by Janny Castillo, BOSS

[dropcap]R[/dropcap]iding the bus is difficult enough if you are able-bodied and healthy; but for our disabled community, limited by mobility problems or utilizing wheelchairs, a bus ride can become a nightmare; so much so, that many disabled persons do not attempt to use public transportation, adding to their isolation and depriving themselves of health care, fresh food and recreational activities.

A disabled person must have a special kind of perseverance and be of strong spirit to ride public transportation within a city, much less across the bay. One such individual is Cheryl, who wants our Street Spirit readers to know that she is a Berkeleyan, through and through.
She has been a Street Spirit vendor for a year and a half, and it helps pay her bills and transportation costs. Cheryl attends computer classes at the Berkeley Adult School. Lack of affordable housing forces her to live in San Francisco, but she commutes almost daily to her beloved Berkeley.

Her strength moves her

Cheryl suffers from a severe case of osteoarthritis in both legs. She used a cane for many years; and sometimes bus drivers could not or refused to use the lift, making it very difficult for her to climb the stairs. “I remember falling up the stairs and no one offered to help me up,” she said. For the last four years, she has been confined to a wheelchair; and no matter how hard it is for her to get to school, to therapy, and to church, her strength moves her through transportation obstacles that would defeat the best of us.

Cheryl gets around by availing herself of disabled transportation services like Para Transit. Unfortunately her experience has not been positive. “They are always late and sometimes they do not have enough drivers, so often your wait time is three hours,” she said. “Sometimes they tell you they do not have drivers and you miss your doctor’s appointment, and other times I am forced to take taxis. Even taxis take two or three hours, so I go back to the buses.” Cheryl said that Para Transit is too expensive to use in Berkeley; overall, she only uses it for emergencies.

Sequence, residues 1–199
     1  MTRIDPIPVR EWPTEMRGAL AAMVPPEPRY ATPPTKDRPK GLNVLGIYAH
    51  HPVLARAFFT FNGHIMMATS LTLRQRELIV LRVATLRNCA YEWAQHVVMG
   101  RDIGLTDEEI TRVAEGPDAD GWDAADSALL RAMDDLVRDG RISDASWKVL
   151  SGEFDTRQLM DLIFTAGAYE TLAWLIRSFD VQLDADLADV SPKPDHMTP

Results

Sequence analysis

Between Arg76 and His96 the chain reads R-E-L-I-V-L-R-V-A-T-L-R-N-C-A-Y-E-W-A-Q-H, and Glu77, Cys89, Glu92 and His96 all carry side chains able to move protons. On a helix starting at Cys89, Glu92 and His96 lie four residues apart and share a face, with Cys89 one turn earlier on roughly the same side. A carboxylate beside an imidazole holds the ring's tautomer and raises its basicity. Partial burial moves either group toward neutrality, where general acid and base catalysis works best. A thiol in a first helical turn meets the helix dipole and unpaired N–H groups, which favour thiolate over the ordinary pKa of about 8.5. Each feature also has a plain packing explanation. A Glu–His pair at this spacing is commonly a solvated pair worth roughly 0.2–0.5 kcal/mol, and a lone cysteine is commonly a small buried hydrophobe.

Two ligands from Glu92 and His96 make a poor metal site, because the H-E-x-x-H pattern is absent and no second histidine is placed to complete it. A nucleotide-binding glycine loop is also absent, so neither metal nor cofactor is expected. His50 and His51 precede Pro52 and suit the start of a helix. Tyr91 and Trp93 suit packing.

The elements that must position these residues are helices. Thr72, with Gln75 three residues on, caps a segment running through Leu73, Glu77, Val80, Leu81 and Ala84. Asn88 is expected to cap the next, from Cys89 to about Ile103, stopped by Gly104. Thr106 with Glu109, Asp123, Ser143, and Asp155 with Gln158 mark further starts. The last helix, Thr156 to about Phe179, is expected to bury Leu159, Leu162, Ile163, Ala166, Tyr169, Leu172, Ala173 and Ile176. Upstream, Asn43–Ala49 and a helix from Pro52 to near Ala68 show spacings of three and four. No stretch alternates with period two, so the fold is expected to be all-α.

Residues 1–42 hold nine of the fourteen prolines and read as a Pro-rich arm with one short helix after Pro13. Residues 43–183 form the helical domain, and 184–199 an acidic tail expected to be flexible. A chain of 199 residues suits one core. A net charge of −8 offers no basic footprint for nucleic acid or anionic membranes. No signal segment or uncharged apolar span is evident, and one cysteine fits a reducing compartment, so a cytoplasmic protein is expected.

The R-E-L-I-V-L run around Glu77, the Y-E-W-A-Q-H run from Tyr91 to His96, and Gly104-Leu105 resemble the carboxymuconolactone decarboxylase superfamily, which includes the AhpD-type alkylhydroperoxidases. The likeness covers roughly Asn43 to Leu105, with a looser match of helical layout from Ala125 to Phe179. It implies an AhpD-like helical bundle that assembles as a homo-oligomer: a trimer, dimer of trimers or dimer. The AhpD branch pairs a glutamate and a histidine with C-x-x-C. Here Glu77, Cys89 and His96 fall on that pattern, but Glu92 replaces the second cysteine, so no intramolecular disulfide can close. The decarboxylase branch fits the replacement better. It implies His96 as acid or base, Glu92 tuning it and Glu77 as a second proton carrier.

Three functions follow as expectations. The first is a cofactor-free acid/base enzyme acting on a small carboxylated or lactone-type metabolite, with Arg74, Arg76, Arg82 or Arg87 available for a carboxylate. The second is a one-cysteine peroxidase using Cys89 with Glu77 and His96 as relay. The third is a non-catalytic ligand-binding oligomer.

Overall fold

“I was in a manual wheelchair first and it was the worst experience of my life,” she said. “I wasn’t great at steering. One time I waited for three hours until I realized that I was at a bus stop that did not pick up wheelchairs.” Many buses passed her up and no one took the time to tell her she was at the wrong bus stop. Trying to navigate the city in a manual wheelchair was exhausting and very painful. At the end of the day, her arms would hurt terribly from the constant force needed to pull her forward and sometimes up hills.

“One day I got stuck on the bus in San Francisco,” she said. “I got caught by a strap and the lift did not work. They had to call the fire department to help me off the bus. It took about an hour. Another time I was riding AC Transit coming from San Francisco to Berkeley and the seat belt got stuck again and they could not get me out. I had to ride all the way back to the city where they cut me out of the seatbelt.” She still did not give up. She rolled four blocks to the nearest BART station to find out the elevators were not working; so she rolled another four blocks to the next BART station where she finally found a way back to Berkeley.

“Nowadays the bus drivers are more courteous and are more aware, but they still need training on how to strap a wheelchair person in,” Cheryl said.

She laughed when I asked her about the elevators at BART. “Many times the announcer says that all elevators are working, but when you get off, you find out that the elevator is broken or just broke down and you have to ride to another station, which is often miles out of your way.”

She said other disabled people also have many problems riding the buses. “People have to be bold and courageous to try to ride the buses because the services are so bad. There are many disabled and homeless people who are left without a way to get around. I know quite a few disabled people who do not attempt it; they’re scared. You got to be determined.”